The population studied consisted of 210 healthy subjects (117 males and 93 females, mean age 12.3, SD 0.6 years). They volunteered from all seven secondary schools in the town of Katerini (~50 000 inhabitants), Greece. All measures of anthropometry, aerobic fitness, and physical activity were conducted in the school environment (during PE classes), at the beginning of the school year and by the same experienced investigator (the principal author), using the same order of testing procedures. Blood samples and blood pressure data were obtained at the local state hospital by three medical practitioners and nurses. Written informed consent was acquired from all subjects and their parents after full explanation of data collection procedures. The Research Ethics Committee of the University of Wolverhampton approved the investigation and permission was granted from the Greek Ministry of Education.

Data collection


Weight was measured to the nearest 0.5 kg (Seca beam balance 710) with subjects being lightly dressed and barefooted, and standing height was measured to the nearest 0.5 cm (Seca stadiometer 208). Percentage body fat (defined as “fatness”) was calculated according to published guidelines,16 that is, from triceps and medial calf skinfold measures (average of two measurements of each site) using a Harpenden (John Bull, UK) calliper.

Sexual maturity

Assisted by a female medical doctor who specialised in paediatric medicine, sexual maturity status was assessed by self evaluation, according to Tanner’s17 criteria for breast, pubic hair, and genital development. It has been suggested that this is the most appropriate method for general application in evaluation of maturity status.18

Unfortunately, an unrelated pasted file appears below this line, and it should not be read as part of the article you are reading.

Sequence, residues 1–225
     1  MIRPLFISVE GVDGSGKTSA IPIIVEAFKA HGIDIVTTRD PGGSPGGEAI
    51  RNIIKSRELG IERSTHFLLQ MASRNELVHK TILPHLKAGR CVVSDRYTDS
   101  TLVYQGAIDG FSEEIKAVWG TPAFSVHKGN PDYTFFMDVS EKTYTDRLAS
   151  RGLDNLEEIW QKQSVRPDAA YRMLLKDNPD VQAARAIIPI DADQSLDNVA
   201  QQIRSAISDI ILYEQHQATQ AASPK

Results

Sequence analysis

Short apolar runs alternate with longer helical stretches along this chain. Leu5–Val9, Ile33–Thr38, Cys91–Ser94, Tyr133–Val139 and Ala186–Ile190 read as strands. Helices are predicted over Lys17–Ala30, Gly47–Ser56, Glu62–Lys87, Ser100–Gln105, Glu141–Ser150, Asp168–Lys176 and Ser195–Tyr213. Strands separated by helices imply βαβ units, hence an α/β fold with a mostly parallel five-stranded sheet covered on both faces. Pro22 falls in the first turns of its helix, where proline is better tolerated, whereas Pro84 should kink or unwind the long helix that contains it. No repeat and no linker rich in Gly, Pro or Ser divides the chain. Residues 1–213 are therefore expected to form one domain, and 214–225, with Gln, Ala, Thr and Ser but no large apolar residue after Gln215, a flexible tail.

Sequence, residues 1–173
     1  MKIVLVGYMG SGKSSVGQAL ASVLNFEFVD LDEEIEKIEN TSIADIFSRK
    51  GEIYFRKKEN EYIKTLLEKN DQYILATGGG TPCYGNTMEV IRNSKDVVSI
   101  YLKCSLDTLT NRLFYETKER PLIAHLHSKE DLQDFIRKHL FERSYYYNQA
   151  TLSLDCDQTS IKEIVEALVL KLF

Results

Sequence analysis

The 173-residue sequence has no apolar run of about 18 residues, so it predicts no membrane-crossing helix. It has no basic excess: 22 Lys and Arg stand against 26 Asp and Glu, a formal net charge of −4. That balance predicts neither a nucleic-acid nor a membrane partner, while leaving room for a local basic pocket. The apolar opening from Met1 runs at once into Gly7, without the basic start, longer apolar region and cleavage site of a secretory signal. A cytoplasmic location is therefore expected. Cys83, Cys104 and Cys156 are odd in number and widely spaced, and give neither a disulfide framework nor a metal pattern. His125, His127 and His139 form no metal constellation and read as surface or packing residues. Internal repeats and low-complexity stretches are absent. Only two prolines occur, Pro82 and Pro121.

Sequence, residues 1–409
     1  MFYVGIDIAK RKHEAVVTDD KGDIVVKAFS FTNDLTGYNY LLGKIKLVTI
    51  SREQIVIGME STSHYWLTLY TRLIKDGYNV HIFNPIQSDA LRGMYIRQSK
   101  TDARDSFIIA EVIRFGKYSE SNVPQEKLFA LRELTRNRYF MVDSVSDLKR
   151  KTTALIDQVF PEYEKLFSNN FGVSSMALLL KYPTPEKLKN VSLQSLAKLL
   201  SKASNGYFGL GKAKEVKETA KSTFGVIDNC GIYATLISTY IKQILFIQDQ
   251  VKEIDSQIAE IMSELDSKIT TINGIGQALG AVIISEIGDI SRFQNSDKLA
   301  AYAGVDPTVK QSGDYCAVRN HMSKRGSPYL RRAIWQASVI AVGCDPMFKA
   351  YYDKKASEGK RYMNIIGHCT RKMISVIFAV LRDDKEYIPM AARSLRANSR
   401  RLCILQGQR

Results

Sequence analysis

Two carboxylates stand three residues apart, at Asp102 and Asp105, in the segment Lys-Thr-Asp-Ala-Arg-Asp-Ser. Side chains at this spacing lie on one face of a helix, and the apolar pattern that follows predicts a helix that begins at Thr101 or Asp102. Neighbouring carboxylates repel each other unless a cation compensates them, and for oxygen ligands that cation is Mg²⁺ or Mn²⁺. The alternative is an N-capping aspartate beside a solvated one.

Aerobic fitness

Defined as the maximal oxygen uptake (V̇O2 max), or the greatest rate at which oxygen can be taken in during exercise, aerobic fitness was assessed using the children’s validated 20 metre shuttle run test.19 Subjects had to run back and forth between two lines set 20 metres apart. Running pace was determined by audio signals, emitted from a pre-recorded cassette tape, with the initial velocity being 8.5 km/h. Running speed was increased at regular intervals of 0.5 km/h every minute. The test was terminated when children failed to reach the lines concurrent with the audio signals on two consecutive occasions. V̇O2 max was then predicted from the number of “laps” completed.20

Fat intake

Information on dietary fat intake was obtained by means of a seven day dietary diary. Photographs illustrating portion sizes of the most commonly consumed food items and beverages were used while keeping the diaries. Both pupils and their parents were instructed on how to keep a record of the amount and type of food and beverages consumed on seven consecutive days. After collection, each diary was checked by the principal investigator and the child involved to ensure accuracy of the recorded information. Using the Food Composition Tables for Greek food,21 fat intake was estimated and expressed as percentage of total energy intake.

Physical activity

For the assessment of physical activity levels,22 the Past Year Physical Activity Recall Questionnaire of Aaron et al was utilised. This questionnaire has been shown to yield reproducible and valid estimates of past year physical activity in adolescents aged 12–17 years. Briefly, subjects were asked to indicate all organised physical activities as a member of any sports club, including school PE, and all leisure time physical activities (for example, walking, cycling, stair climbing, etc) in which they participated during the past year. They also had to give detailed information regarding the frequency and duration of each individual activity. The metabolic cost of each activity23 was then used to calculate a total physical activity score expressed in kcal per kg per day.

CHD biological risk factors; determination of lipid and blood pressure profiles